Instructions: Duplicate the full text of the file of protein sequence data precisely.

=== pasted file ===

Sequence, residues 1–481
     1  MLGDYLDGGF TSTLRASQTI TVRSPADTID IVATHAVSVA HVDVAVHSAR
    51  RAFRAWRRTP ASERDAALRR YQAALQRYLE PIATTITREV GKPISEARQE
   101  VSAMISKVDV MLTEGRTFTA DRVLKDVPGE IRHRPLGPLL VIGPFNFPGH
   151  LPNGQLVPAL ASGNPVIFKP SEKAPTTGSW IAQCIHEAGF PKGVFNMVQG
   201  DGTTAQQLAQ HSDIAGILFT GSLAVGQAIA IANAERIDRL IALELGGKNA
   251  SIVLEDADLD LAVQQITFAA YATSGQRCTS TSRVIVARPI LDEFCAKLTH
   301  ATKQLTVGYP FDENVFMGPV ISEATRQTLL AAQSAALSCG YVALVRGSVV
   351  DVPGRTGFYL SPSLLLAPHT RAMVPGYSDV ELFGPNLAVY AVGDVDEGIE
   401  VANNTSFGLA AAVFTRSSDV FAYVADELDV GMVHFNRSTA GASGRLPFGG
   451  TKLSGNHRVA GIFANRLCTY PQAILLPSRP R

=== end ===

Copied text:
Sequence, residues 1–481
     1  MLGDYLDGGF TSTLRASQTI TVRSPADTID IVATHAVSVA HVDVAVHSAR
    51  RAFRAWRRTP ASERDAALRR YQAALQRYLE PIATTITREV GKPISEARQE
   101  VSAMISKVDV MLTEGRTFTA DRVLKDVPGE IRHRPLGPLL VIGPFNFPGH
   151  LPNGQLVPAL ASGNPVIFKP SEKAPTTGSW IAQCIHEAGF PKGVFNMVQG
   201  DGTTAQQLAQ HSDIAGILFT GSLAVGQAIA IANAERIDRL IALELGGKNA
   251  SIVLEDADLD LAVQQITFAA YATSGQRCTS TSRVIVARPI LDEFCAKLTH
   301  ATKQLTVGYP FDENVFMGPV ISEATRQTLL AAQSAALSCG YVALVRGSVV
   351  DVPGRTGFYL SPSLLLAPHT RAMVPGYSDV ELFGPNLAVY AVGDVDEGIE
   401  VANNTSFGLA AAVFTRSSDV FAYVADELDV GMVHFNRSTA GASGRLPFGG
   451  TKLSGNHRVA GIFANRLCTY PQAILLPSRP R